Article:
AKRON/KOBE, Japan—Goodyear and Sumitomo Rubber Industries Ltd. (SRI) have dissolved their 16-year-old global business alliance, a development both companies view as rife with opportunity to foster growth in the regions where the alliance held sway.
“This successful resolution enhances our flexibility to grow profitably as we focus on delivering strong performance and sustainable economic value,” said Goodyear CEO, Chairman and President Richard Kramer.
“Despite current challenges in the global economy, the long-term growth prospects for the tire industry remain strong. This agreement paves the way for us to pursue our growth strategy and strengthen our presence in key global markets particularly where our technology leadership and the Goodyear brand provide us competitive advantage.”
Goodyear originally sought to end the firms' business alliance in late 2014, accusing Sumitomo of engaging in “anticompetitive conduct in violation of applicable antitrust laws.”
Goodyear, which has declined ever since to elaborate on what this conduct comprised, asked the International Chamber of Commerce at that time to arbitrate the dissolution.
This agreement renders the arbitration process moot.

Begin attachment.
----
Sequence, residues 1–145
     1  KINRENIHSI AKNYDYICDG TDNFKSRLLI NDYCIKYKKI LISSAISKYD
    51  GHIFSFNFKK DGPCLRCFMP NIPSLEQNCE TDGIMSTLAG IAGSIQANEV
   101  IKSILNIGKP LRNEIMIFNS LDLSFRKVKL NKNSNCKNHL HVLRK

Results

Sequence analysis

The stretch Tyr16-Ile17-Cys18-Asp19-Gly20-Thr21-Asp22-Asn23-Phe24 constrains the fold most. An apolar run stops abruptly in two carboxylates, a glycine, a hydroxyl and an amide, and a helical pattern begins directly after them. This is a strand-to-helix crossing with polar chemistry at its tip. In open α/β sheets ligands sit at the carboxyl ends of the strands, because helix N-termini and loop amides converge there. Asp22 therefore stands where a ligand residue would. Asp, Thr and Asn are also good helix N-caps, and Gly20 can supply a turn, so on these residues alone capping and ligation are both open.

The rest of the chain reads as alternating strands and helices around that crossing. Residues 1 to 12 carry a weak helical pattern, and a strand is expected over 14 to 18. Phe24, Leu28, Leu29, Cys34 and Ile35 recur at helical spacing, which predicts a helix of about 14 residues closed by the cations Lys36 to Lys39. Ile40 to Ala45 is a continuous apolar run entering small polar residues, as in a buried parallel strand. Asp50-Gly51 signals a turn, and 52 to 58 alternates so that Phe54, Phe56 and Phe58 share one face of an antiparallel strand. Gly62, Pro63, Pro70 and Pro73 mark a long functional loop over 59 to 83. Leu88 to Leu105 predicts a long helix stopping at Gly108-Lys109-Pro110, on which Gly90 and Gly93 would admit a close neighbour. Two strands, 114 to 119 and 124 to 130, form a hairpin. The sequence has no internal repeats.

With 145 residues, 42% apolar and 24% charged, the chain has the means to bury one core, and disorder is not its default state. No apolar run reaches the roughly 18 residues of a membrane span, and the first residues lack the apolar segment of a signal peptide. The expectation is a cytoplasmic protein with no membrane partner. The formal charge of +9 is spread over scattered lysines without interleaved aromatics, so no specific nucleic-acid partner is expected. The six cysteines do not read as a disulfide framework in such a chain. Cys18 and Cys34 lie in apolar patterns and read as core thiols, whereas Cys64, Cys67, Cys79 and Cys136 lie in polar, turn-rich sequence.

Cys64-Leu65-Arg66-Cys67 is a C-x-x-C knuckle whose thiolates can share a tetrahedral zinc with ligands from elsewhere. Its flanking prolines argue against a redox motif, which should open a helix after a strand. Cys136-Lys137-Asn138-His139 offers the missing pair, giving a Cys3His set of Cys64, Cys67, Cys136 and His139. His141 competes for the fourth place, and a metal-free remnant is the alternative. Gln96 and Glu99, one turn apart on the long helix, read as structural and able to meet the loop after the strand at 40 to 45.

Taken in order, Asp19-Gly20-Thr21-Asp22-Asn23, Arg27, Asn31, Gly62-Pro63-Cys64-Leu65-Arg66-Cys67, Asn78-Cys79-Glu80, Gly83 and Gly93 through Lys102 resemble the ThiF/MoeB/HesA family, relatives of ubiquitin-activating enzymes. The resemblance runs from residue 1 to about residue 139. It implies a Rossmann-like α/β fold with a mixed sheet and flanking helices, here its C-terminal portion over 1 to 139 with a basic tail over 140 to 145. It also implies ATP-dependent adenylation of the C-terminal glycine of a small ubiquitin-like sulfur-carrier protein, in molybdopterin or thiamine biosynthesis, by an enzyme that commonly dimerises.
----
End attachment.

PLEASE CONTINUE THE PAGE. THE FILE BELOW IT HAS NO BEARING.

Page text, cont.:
Sumitomo said it expects the dissolution of the alliance to enhance its “management flexibility” in terms of branding strategy and regional business strength. Specifically, it said it will be able to “further strengthen its global operations” by using both the Dunlop brand, recognized as a premium brand with high fuel efficiency, and the Falken brand, which is well known for its motorsports heritage mainly in Europe and North America.
The alliance ended officially on Oct. 1 in accordance with the terms of an agreeement they signed in April.
In terms of regional operations, SRI said it will be able to strengthen its competitiveness in North America by expanding its motorcycle tire business and its OE car/light tire business with Japanese vehicle makers, while having its own manufacturing and research and development in the region will enable it to “further strengthen its competitiveness” and support growth in the region.
It now controls one plant—the car, light and medium truck and motorcycle tire factory in Tonawanda, N.Y., originally opened by Dunlop Ltd. in 1923—and a test track in Huntsville, Ala., adjacent to a former Dunlop Tire factory that closed in 2003.
In Europe, SRI said the dissolution will enable it to establish its own manufacturing and R&D bases. The company only recently opened a joint venture plant in Turkey that could be used to supply Europe.
SRI said because of the growth opportunities offered by this change, it now aims to surpass its earlier disclosed financial goals of $10 billion in sales and an operating ratio of 12.5 percent by 2020.
The company expects to disclose “in a timely manner” the impact of the dissolution on its fiscal 2015 results.
Laura Thompson, Goodyear CFO and executive vice president, told financial analysts the firm expects the dissolution to reduce its segment operating income by $10 million to $20 million in fiscal 2016 but increase net income by up to $50 million.
For a list of agreements that were terminated as part of the dissolution, go to www.tirebusiness.com.